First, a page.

Luke Macnamara, Jessie Rogers and Padraig McIntyre
Advent is a special season which often gets submerged in the lead up to Christmas.
Already by mid-November, street lights, shop decorations and tinsel appear. The twelve days of Christmas are multiplied! Celebration fatigue can set in by the time Christmas arrives. There is a real need to recalibrate to fully appreciate Christmas. Advent is sometimes helpfully compared to resetting one’s clock.
This is still something we do twice yearly, though it seems likely that this practice will be abandoned. Within a few years, we will keep to the same time all year round. The loss of the inconvenience of having to reset clocks and watches will be welcomed by many, even though most clocks now change automatically.
Something other than inconvenience may be lost. The hour change did provoke reflection about the march of time, the effect on the world and its inhabitants.
A series of talks at Glenstal on the first three Sundays of Advent - December 2, 9, 16 - proposes to help people reset their individual clocks during the four weeks leading up to Christmas. While many understand Advent as simply a time of preparation for Christmas, the season is more complex and is divided into two parts. The first part up to December 16 looks not to Christmas but to the end of time and the second coming of Christ.
This vision of the end times is full of hope. Amid the trials and tribulations of the world, many the work of human hands, the coming of Christ will bring justice and peace. What appears impossible, becomes possible with the arrival of Christ. Many in Ireland, who seek a just society and peace in their lives, yearn for this word of sure hope.
While this coming of Christ appears far distant, with each year it comes closer.
The second part of Advent looks forward to the coming of Christ at Christmas. This is difficult because Christ has already come, and the presence of Christ in many cribs from early December doesn’t help. However, the continual expectation of Christ’s final coming in the first part of Advent which remains unfulfilled, develops and sustains the ability to earnestly yearn for Christ at Christmas.
Because the second coming of Christ has not yet happened, expectation is heightened. This expectation carries through to the second part of Advent and so the first coming which has already occurred at Christmas 2,000 years ago can be anticipated afresh.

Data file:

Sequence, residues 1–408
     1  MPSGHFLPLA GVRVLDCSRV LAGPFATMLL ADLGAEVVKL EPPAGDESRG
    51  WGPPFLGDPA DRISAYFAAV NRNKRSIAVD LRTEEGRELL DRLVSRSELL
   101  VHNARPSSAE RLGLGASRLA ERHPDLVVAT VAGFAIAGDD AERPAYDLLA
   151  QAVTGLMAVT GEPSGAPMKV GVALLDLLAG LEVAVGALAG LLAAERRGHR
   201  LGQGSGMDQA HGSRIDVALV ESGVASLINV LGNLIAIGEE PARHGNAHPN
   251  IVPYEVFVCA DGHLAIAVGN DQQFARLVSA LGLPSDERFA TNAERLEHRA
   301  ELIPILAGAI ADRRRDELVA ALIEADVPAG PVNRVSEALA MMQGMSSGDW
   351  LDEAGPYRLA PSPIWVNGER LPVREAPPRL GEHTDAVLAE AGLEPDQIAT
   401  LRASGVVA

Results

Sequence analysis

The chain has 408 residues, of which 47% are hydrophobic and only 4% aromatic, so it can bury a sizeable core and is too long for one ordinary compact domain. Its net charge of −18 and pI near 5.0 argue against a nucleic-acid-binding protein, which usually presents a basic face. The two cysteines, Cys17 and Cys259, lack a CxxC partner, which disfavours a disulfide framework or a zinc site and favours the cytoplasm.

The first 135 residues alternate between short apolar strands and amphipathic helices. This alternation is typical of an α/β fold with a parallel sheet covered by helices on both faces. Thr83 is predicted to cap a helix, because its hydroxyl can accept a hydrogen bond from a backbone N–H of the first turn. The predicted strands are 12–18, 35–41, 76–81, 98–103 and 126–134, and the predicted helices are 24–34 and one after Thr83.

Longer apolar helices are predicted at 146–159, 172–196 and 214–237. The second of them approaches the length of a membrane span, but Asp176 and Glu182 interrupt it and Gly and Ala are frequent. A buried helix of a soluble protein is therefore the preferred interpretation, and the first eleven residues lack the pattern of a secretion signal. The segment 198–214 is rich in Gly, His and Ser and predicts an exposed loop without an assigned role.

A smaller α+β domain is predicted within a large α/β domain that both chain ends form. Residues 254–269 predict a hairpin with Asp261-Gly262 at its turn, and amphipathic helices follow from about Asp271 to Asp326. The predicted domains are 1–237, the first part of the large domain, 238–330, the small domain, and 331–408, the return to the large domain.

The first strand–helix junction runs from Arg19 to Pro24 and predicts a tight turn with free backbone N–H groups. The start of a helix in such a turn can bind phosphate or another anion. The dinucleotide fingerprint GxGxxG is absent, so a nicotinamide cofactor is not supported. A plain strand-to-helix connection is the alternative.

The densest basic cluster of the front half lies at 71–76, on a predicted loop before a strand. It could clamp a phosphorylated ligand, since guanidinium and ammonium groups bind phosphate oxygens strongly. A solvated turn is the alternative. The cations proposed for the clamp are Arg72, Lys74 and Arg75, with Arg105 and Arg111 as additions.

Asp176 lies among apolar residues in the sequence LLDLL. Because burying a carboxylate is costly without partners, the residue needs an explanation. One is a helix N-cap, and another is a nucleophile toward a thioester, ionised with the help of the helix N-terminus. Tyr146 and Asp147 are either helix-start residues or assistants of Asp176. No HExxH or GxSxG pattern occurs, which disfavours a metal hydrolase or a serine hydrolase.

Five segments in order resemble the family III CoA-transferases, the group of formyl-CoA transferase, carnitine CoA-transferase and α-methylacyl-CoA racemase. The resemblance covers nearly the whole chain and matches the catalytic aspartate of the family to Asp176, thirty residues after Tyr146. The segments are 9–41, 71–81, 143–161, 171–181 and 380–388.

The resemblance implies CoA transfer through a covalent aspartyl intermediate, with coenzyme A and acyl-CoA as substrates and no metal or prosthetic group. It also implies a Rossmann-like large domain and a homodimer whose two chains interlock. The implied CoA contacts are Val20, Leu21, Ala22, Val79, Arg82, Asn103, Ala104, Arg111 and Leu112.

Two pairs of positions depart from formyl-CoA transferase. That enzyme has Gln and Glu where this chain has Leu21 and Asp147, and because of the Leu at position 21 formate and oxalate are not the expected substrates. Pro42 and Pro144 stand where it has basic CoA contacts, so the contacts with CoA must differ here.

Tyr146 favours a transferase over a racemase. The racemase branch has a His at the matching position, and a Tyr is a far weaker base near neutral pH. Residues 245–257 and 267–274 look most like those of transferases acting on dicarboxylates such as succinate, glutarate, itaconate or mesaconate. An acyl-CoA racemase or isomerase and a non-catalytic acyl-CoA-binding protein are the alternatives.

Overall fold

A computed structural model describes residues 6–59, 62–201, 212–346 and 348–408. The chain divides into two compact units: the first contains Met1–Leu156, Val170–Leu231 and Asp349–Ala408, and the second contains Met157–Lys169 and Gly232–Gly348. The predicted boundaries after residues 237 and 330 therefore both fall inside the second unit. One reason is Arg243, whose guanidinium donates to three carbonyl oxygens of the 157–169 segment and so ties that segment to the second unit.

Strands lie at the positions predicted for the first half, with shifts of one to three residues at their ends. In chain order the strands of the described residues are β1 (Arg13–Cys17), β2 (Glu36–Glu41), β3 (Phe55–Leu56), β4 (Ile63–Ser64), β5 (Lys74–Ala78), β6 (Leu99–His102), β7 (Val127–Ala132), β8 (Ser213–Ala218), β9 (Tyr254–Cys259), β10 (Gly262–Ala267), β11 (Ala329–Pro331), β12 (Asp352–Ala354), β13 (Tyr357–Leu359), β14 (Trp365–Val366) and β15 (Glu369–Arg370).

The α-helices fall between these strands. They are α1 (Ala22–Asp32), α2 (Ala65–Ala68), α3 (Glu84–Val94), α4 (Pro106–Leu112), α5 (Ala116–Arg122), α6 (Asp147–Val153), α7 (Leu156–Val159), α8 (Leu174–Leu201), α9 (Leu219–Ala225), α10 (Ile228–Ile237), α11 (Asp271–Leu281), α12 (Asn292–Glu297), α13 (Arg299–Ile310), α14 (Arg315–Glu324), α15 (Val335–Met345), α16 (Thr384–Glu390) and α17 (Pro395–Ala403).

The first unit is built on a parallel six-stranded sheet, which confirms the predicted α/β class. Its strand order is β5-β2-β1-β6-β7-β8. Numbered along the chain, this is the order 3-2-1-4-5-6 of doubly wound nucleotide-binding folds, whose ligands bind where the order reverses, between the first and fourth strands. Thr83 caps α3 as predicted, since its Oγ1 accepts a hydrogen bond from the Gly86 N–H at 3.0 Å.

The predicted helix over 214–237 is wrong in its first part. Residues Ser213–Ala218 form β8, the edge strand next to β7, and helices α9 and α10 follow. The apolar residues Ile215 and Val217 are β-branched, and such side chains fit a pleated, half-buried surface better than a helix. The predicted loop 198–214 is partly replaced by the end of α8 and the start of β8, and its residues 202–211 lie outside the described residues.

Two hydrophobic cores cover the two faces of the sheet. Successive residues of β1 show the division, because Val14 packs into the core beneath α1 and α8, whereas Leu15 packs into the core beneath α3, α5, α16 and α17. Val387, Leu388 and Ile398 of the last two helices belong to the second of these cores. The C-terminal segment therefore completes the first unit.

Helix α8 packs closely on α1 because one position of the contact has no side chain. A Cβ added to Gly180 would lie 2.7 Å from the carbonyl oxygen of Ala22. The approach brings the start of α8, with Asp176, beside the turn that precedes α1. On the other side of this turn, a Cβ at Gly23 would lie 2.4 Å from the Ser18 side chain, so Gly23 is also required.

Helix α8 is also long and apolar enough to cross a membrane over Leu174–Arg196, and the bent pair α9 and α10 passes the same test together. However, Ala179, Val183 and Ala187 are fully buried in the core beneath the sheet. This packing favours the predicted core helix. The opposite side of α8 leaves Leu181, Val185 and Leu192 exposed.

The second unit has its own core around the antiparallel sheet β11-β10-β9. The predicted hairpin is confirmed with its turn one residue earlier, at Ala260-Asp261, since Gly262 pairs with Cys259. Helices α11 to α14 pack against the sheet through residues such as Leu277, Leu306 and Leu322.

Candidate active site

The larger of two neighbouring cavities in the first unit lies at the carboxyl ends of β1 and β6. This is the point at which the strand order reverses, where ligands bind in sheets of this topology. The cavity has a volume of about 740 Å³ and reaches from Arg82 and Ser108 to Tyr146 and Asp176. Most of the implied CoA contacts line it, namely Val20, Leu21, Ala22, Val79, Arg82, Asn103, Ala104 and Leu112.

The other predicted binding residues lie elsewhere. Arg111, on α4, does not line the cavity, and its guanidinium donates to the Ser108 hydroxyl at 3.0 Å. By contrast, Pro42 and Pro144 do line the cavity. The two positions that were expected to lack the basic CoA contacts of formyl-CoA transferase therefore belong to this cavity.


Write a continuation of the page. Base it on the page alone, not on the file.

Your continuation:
Between waiting for the first coming which has already happened and the second coming which is yet to happen, there is a third coming, the coming of Christ now in this year to each Christian. This is the climax of all the expectation of Advent, for as Sr Maria Boulding so rightly puts it, what is the point of celebrating the coming of Christ if Christ doesn’t come to me.
The opening talk on Sunday December 2 by Luke Macnamara OSB will address the question of resetting one’s personal clock and how to recalibrate one’s relationship with oneself, with one’s neighbours, and with the world. Dr Jessie Rogers on December 9 will explore the principal prophet of Advent, John the Baptist, who looks back to the proclamation of salvation in the Old Testament and forward to the fulfilment of salvation in Jesus Christ.
The final talk on December 16 will be given by Padraig McIntyre OSB and explore the story of the visitation, as divine hospitality offered and received. All talks take place at 4.30pm in the Abbey library.
There will also be an opportunity to attend the school carol service on Sunday December 16 at 3pm. For those unable to come that day but who would like to hear the school choir in Advent, they can come for Sunday Mass at 10am on either December 2 or 9. For those who would like to hear the monks chanting the particularly beautiful Advent antiphons and hymns, there is the opportunity of attending evening prayer every day at 6pm in the Abbey Church from December 2 through to Christmas.
For further details of the series of talks, please see the Abbey Website at www.glenstal.com/abbey/latest/calendar or contact email@example.com.